All schools have basically the same layout: An elaborate entrance and then a foyer that might have a reception area. Then a principal’s office. In the girls’ school the conference room is huge – four times our size with plush chairs and a huge conference table. Students gather in an enormous gymnasium-sized open assembly room for meetings and events. Classrooms spread across two floors, with a library and an even larger gymnasium. I had major “edifice envy” in this beautiful, clean, spacious school. The principal’s office was literally the size of our entire front office and Carmen and my offices!
In the boys’ school I visited an art classroom and an English classroom. The English classroom is appointed with a SMART Board (as are other classrooms, I think), and everything is light and airy. We were treated to a traditional Qatari welcome in the library with food and tea and greetings. We learned that food and tea and Qatari coffee are of utmost importance in all gatherings. Then we dispersed with our designated host students. These same students had video-conferenced with our students before we left. Even though they were 9th graders, our 11th and 12th grade boys bonded with them immediately. After visiting classrooms, a traditional Arabic sword dance and a falcon demonstration awaited us in the large assembly room. Falcon flying is a big part of male culture and activities.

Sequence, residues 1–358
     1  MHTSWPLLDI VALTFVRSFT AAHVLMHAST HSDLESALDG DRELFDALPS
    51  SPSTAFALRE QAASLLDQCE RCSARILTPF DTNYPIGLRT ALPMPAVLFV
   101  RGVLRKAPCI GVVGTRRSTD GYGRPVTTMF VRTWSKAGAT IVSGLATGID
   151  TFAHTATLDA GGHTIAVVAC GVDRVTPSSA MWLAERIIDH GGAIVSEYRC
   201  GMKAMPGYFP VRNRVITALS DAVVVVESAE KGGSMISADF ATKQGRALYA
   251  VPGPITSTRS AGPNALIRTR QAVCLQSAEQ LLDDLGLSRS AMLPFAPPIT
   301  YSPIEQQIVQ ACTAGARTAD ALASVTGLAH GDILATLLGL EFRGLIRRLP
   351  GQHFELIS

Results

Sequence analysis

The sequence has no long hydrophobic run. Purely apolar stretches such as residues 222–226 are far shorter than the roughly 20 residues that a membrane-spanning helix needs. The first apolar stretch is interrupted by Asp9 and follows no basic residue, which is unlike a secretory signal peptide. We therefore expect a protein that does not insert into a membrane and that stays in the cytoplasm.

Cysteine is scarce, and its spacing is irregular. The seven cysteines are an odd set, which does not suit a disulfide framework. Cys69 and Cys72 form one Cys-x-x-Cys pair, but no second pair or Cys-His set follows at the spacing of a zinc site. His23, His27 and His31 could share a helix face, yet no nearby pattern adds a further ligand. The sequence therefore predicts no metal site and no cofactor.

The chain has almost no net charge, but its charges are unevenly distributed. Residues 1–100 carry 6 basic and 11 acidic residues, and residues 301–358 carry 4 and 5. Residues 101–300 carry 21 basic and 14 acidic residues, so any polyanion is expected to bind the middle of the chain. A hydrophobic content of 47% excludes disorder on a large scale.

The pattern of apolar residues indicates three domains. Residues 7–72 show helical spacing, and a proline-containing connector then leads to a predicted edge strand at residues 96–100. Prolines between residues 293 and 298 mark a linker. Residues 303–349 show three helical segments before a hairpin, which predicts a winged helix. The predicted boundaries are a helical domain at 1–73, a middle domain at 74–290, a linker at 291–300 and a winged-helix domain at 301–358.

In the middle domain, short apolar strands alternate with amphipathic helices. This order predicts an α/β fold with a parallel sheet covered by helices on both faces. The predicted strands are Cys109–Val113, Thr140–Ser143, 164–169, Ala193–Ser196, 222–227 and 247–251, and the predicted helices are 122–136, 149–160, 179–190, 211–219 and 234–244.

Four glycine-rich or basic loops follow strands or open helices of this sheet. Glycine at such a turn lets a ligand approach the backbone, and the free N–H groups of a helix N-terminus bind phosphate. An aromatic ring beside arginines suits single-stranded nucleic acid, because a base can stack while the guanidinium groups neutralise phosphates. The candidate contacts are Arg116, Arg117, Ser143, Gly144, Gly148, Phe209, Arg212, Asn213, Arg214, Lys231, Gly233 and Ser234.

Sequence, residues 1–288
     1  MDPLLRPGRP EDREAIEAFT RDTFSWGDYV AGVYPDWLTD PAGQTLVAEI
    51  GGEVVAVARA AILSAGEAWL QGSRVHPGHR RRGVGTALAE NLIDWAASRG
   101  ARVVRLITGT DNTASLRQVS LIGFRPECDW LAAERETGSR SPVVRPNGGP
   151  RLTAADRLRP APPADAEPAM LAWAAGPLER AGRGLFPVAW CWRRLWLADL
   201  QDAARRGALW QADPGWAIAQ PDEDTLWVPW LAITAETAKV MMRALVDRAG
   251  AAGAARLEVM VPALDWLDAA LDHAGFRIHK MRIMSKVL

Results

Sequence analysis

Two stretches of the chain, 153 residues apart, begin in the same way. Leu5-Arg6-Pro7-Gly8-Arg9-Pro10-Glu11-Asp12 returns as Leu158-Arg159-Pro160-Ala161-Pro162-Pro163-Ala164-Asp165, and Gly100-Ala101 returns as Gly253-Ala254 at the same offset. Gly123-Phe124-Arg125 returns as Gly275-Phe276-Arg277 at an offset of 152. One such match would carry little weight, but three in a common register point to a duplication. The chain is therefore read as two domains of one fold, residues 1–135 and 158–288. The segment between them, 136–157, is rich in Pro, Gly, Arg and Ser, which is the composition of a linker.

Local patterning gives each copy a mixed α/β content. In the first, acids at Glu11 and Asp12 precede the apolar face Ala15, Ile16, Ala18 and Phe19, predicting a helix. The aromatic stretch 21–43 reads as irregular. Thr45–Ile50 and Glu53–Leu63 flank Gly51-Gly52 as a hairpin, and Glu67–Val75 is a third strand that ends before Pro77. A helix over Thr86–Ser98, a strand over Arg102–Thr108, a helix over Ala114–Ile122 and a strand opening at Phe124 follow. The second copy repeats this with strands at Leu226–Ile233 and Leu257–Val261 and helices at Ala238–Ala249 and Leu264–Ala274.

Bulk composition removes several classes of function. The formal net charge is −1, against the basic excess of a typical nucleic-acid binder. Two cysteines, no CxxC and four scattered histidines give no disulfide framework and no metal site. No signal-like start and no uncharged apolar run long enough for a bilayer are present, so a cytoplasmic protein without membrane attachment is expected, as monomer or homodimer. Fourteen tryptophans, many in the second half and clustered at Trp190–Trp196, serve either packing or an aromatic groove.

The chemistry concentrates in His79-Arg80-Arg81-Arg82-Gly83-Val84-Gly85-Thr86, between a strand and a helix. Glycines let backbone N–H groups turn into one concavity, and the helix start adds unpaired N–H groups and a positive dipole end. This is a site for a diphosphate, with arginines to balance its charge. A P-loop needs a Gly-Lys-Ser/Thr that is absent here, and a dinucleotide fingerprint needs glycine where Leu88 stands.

After leaving the school, we visited Al Fanar Cultural Center, which is the Islamic education institution in Doha. Their guides gave a superb explanation of the pillars of Islam, including a brief history of the religion. Then they demonstrated the requirements for ablution before prayer and took us to the Mosque where they taught us how to pray. The muezzin gave the call to prayer and we prostrated ourselves and went through the choreographed movements. Our excellent teacher answered questions and made sure that we understood that Islam is not about the violent jihads we hear about on the news but a series of religious commitments that one makes in the service of Qur’an and the prophet Mohammed. While neither the boys (nor me) were required to wear head coverings or thobes, when the girls went on their visit, they were required to wear abayas. Women do not pray on the main floor but on the second floor behind a screen, much like Jewish Orthodox religious practices.
We returned for lunch and most of the boys and all the BAA male teachers went off to the American School in Doha to play music in preparation for jamming in the souq (the market) the following day. Sam and I took Ashard, Wilne, and Kenny on a walk down on The Corniche, the path that follows along the ocean.